Menier Chocolate Factory, London
Book by Marsha Norman
Music & lyrics by Brenda Russell, Allee Willis and Stephen Bray
Directed by John Doyle
Catching up with this show just before its run ends is to witness musical theatre at its very best. A cast of 17 with a bare stage, some chairs and the simplest of costumed props, depict America's Deep South and occasionally Africa in the early twentieth century. The tale is of the grim life of Celie, whose illegitimate children are taken from her in her youth, who is then "married" to the most brutal of men, yet who goes on to find the most unlikely of redeemers in a scarlet woman who has few morals but a heart of gold. The story tracks Celie's difficult life yet ends with hope and inspiration.
John Doyle has cleverly envisioned the work. Slavery is long abolished, but civil rights remain a dream. When Celie reveals that her father was lynched, the disclosure is so casual as to underline the ingrained racism of the South. With an entirely black cast, the story tells of the cruelty and contempt that lived within the African-American community, itself born out of a culture of contempt and slavery. Yet it is the humour and compassion that shines out from within these people that makes the show sparkle. Rarely has the term "bittersweet" been so apt.
Cynthia Erivo is the diminutive Celie. Her character grows throughout, from an abused pregnant child in the opening scene, to a wise and elderly mother by the end. Erivo's look is plain and hers is to play the cruelly labelled uglier of two sisters. Yet whilst her abusive husband Mister, a first class performance of bullying calculated menace, yet also vulnerability, from Christopher Colquhoun condemns her for her ugliness and servility, Erivo shines throughout with a vocal and physical beauty that is rare to witness. Her solo I'm Here saw the audience rise as one to salute her midway through the second act. Whilst the production's success is of course due to the company as a whole, Erivo has proved to be its dazzling star. Nearly 30 years ago Steven Spielberg's Color Purple movie blasted Whoopi Goldberg's career from modest actress to global celebrity. In a more modest manner, so is history repeating itself. Whilst Erivo was little known outside of the profession before The Color Purple, it has recently been announced that she is to take a leading role at London’s Palladium Theatre next year.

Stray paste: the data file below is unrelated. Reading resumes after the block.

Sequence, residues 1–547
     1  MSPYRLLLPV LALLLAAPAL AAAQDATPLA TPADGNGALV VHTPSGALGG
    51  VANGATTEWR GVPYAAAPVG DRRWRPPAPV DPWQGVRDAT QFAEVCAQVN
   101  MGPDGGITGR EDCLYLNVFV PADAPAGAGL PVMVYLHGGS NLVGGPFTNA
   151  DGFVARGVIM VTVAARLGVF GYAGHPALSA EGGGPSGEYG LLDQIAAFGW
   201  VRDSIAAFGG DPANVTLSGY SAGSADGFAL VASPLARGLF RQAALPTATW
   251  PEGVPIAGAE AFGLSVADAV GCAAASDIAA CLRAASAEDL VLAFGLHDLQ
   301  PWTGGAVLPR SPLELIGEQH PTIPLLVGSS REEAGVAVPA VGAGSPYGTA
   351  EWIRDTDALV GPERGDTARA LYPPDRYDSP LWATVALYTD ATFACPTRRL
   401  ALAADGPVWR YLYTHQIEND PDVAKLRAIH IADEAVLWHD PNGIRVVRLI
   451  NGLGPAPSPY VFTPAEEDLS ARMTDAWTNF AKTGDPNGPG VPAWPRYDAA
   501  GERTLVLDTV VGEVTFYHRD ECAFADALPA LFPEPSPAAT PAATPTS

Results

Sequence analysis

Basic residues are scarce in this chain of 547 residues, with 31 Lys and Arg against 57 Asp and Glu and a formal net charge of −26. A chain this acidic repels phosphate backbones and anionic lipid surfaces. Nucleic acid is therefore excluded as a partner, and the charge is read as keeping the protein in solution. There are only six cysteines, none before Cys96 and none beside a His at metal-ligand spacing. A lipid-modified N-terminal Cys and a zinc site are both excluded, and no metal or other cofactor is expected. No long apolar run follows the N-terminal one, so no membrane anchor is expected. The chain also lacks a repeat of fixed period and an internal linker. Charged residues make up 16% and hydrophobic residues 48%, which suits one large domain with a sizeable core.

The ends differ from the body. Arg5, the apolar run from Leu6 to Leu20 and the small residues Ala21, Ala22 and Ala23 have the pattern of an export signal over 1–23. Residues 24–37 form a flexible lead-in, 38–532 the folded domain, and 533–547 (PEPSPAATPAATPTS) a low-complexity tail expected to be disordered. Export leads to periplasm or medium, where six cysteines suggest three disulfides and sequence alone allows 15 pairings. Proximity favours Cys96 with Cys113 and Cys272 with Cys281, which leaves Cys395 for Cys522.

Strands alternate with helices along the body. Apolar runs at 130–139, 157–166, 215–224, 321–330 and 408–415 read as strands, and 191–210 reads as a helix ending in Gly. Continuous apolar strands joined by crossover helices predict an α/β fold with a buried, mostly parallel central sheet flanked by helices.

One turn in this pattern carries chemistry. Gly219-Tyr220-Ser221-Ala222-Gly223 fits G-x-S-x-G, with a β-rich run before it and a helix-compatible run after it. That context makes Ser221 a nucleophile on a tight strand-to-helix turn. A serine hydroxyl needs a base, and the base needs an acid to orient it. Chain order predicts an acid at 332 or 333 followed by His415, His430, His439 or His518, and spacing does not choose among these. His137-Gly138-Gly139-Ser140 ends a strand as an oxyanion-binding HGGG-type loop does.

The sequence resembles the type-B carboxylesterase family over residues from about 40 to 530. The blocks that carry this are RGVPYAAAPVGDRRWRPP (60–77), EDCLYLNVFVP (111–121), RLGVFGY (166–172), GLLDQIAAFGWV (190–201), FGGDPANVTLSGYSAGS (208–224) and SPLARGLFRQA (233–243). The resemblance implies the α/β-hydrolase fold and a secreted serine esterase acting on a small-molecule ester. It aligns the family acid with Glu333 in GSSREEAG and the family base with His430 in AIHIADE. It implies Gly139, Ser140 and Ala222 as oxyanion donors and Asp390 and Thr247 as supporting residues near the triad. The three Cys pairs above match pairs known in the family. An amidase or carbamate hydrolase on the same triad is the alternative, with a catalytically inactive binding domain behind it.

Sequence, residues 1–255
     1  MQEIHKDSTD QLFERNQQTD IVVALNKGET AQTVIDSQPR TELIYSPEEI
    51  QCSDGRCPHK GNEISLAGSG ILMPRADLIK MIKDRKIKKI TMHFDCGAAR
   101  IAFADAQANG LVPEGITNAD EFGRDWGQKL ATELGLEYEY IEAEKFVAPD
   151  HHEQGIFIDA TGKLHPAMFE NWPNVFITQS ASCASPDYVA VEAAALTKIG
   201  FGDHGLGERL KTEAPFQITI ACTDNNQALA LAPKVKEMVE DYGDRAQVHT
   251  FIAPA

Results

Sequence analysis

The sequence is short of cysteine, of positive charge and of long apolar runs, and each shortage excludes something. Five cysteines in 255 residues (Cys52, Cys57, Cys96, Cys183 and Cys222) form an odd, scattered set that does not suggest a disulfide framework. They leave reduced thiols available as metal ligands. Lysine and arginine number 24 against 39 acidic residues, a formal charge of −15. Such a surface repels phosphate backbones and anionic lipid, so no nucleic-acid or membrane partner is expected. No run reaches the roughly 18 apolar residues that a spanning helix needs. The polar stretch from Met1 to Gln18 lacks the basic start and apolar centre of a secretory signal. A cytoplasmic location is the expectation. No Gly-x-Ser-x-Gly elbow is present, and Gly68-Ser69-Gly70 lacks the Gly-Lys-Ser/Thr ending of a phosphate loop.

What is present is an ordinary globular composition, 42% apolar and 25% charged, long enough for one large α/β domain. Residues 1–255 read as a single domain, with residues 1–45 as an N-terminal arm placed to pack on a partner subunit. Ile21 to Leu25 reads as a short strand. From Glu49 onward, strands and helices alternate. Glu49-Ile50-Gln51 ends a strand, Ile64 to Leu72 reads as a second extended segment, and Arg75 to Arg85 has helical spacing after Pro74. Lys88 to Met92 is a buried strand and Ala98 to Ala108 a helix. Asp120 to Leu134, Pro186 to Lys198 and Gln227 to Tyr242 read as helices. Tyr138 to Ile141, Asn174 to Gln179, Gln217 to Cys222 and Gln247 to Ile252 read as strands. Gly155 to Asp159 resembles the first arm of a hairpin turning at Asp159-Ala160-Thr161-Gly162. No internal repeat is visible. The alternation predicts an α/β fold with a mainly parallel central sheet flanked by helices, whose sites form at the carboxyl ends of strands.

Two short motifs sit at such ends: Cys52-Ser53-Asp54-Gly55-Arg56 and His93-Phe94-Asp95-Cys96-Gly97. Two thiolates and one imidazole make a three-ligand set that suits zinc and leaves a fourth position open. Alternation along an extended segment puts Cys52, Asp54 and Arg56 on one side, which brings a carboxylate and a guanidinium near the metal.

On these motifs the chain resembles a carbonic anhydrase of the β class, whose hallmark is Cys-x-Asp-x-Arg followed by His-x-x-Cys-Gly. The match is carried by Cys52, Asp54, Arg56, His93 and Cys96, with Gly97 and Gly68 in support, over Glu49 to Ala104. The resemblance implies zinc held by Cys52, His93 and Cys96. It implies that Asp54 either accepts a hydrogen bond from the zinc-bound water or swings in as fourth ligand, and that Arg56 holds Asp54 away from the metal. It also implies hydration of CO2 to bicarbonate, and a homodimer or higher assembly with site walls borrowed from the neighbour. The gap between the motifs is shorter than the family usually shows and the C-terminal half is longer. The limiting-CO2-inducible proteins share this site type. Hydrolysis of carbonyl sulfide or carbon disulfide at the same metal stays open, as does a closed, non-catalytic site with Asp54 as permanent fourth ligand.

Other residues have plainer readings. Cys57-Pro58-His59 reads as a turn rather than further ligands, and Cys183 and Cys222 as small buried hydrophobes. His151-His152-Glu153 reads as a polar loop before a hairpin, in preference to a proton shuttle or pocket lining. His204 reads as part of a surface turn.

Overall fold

Sophia Nomvete is a delightful Sofia. Feisty funny and furious early on, she breaks our hearts as the victim of a savage racist beating and as Nettie, Celie's sister whose being wrenched apart from her sibling causes such anguish, Abiona Omonua gives a performance of carefully crafted fragile hope. It is left to Nicola Hughes’ Shug Avery, Mister's mistress, who on visiting Celie's miserable home, reaches out to free her from her husband's abuse and set her on an inspirational path to liberty. Hughes' stage pedigree is impeccable and whilst Celie is the show's leading character, her interaction with Avery is an astonishing double act. Their duet What About Love? is as perfect a harmony as is to be found.
Tom Deering's musical direction alongside Catherine Jayes' supervision provides a soulful Southern sound, peppered with the Blues and with an intoxicating African interlude, all rhythm and drums for good measure. Matthew Wright's costume work sets scenes perfectly whilst Linda McKnight's wig design adds a slick authenticity to the actresses.
No need to recommend, it's sold out. But this work demands more. If the gods of the theatre can grant this show a West End transfer, it would be no less than what both London and this glorious production deserve.
Runs to 14th September